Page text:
I Climate! EU towards a new Mindset
A report by Casper Stubbé, a Master Industrial Ecology Student, about the debate between minister Timmermans of European affairs and students of Leiden University on climate politics on the upcoming climate conference in Copenhagen
“We need a complete redesign of everything we do”
The Dutch Minister of European Affairs, Timmermans, attended a debate with students in Leiden today. The discussion was on the right mindset for the EU in order to make the climate conference in Copenhagen a success. The minister started with a passionate speech on the opportunities for the new generation (-25 years old) to really make a change in the current climate debate. After some questions from the audience he explained that he completely acknowledged the huge problems we are facing regarding climate change, resource depletion and water scarcity. But unfortunately, even he concluded that: “The world is changing so incredibly fast now, that the current political system is no longer able to make the tectonic changes that are needed”.
The discussion was structured around three subjects, that students from the Master Industrial Ecology and the Minor Sustainable Development presented in a five-minute speech. Joep van Genuchten, Sarah Herms and Gerald Wegh talked about the opportunities of trading barriers (solving the problems within EU borders), environmental aid to developing countries (creating a Global Fund) and how to stimulate countries as Russia to join a global treaty to combat climate change (while their main export product is fossil fuel). Each topic evoked an intensive discussion arose between the audience, the presenters and Timmermans.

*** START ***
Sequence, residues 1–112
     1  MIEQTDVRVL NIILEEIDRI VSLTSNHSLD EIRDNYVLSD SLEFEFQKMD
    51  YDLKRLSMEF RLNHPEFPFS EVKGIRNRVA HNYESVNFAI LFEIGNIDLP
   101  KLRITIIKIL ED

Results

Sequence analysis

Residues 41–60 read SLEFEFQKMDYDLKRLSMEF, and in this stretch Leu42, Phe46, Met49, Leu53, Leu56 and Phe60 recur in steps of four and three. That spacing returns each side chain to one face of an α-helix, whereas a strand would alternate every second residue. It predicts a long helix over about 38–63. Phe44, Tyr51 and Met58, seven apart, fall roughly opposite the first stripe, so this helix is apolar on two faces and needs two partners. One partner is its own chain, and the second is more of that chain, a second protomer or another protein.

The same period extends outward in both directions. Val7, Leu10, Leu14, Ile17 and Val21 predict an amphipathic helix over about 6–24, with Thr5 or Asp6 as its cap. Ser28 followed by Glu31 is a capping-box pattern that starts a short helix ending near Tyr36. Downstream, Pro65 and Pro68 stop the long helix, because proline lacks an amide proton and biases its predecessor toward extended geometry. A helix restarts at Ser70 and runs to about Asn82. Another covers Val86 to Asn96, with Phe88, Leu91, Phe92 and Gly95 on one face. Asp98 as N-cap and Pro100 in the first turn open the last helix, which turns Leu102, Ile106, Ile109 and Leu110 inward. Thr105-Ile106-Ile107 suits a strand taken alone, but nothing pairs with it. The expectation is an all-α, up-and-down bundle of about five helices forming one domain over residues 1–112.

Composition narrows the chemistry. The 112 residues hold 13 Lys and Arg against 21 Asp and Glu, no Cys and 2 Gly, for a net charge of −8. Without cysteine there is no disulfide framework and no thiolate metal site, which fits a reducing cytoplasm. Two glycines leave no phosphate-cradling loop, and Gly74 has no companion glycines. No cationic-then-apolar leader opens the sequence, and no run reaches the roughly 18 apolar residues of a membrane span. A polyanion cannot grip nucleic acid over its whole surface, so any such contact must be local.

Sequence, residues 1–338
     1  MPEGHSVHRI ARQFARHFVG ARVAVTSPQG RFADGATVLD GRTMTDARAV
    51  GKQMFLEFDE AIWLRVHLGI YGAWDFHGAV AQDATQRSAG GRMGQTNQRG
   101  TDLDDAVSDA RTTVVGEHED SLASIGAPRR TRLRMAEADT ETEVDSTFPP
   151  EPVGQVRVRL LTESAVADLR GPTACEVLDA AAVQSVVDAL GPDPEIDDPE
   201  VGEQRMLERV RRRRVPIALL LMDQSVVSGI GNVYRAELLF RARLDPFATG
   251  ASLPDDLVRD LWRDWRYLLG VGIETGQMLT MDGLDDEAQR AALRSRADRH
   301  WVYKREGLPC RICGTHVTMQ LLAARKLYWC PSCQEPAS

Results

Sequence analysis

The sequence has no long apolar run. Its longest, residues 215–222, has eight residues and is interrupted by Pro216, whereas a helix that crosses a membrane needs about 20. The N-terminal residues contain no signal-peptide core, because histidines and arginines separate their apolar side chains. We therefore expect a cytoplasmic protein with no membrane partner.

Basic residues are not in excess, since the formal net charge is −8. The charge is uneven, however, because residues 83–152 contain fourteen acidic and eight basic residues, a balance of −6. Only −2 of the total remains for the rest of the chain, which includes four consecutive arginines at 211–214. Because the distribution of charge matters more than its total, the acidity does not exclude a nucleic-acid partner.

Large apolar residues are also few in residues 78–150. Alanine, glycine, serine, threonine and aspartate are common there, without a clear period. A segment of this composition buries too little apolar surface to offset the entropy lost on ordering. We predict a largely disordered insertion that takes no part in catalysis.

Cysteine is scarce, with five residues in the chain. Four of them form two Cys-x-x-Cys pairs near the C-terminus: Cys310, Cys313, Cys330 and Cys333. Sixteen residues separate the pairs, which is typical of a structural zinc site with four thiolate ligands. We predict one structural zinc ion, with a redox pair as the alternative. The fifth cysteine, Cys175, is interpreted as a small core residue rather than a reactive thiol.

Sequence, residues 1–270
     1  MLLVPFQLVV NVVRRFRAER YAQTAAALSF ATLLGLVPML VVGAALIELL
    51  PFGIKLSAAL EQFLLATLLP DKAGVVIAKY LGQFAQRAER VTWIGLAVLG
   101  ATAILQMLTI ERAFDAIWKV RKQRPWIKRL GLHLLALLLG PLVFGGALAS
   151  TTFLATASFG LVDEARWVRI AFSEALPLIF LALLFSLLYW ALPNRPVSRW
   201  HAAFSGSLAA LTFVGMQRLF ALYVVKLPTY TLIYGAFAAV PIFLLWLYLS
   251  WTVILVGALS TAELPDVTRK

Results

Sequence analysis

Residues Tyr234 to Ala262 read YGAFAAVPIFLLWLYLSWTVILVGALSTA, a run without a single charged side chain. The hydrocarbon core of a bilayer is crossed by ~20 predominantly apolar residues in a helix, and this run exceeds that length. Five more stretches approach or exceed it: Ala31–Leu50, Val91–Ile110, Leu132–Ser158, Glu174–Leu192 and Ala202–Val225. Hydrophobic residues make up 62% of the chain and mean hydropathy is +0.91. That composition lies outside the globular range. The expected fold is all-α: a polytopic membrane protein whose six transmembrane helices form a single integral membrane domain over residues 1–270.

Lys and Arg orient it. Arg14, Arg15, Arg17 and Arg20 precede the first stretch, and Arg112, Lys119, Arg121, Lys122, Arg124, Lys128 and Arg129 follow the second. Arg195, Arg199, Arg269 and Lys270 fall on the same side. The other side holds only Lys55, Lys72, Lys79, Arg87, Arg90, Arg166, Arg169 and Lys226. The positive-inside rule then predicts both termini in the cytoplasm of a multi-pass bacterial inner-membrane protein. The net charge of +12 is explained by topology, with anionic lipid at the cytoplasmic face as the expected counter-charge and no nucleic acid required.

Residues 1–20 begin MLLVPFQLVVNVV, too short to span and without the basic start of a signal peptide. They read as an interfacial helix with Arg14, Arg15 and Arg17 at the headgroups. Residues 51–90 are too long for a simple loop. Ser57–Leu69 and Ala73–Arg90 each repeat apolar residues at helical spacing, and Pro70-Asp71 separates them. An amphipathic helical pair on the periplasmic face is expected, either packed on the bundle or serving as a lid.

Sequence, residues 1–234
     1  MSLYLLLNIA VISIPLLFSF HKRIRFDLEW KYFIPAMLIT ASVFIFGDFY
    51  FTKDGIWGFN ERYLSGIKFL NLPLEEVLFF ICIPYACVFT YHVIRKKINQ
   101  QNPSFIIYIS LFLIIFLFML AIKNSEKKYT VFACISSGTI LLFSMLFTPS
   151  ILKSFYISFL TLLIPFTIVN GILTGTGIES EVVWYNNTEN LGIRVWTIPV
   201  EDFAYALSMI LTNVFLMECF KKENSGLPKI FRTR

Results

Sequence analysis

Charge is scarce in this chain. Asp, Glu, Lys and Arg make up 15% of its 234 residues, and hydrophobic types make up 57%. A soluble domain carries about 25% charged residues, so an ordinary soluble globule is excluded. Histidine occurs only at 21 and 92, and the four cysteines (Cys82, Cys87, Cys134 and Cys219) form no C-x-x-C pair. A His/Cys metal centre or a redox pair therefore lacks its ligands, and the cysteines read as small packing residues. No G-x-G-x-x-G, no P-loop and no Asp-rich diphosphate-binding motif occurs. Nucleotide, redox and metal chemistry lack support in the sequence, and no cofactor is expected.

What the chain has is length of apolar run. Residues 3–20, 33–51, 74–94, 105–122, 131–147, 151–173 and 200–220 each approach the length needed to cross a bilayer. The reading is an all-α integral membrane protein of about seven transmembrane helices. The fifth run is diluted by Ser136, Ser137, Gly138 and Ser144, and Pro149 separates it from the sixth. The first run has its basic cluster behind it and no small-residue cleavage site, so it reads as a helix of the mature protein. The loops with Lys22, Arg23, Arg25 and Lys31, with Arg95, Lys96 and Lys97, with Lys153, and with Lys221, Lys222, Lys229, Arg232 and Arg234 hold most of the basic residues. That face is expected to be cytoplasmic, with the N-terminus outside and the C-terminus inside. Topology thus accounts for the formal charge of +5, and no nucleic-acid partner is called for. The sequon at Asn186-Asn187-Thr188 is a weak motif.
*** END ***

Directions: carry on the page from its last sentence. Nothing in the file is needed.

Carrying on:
“I’m working with Jan Kees de Jager towards an environmental tax based on impact for all products”
Timmermans continued his plea for an exciting and challenging approach to the problem and to never consider the problem as ‘too big to handle’. He also stressed that one important challenge is to approach the possible solutions as economic opportunities instead of economic burdens. One of the solutions he aims to promote during the Copenhagen conference is a environmental impact tax on all products. Of course still requires a lot of research, i.e. what kind of impacts will be included in the tax, but he already is working towards this direction with Jan Kees de Jager (State Secretary for Finance). So, in the future we might be charged for climate impact instead of taxing added economic value (VAT).
“The world is changing so incredibly fast now, that the current political system is no longer able to make the tectonic changes that are needed”
It was a wonderful opportunity for students to discuss the new mindset with the minister, which is needed to ensure our common future. The minister was open, accessible, direct and was sincerely interested in the opinions of the students. The students who presented their ideas were well prepared and provided a perfect start for a critical and meaningful discussion. How this contributes the outcome of the climate conference, which starts in just three weeks from now is yet to be seen. Yet the new globalized world with global problems asks for a completely new mindset then the old world. How can people older than 25 years look to the world with a new perspective? The minister was convincing in his motivation to make a positive change during the conference in Copenhagen. But he didn’t show any ideas that are signs of a completely new mindset, which is essential to create this new and clean world we all want. But then again, how can he ? He is not part of the new generaration.
“This exciting challenge is mainly for the new generation”
Casper Stubbé, Master Industrial Ecology Student
17 November 2009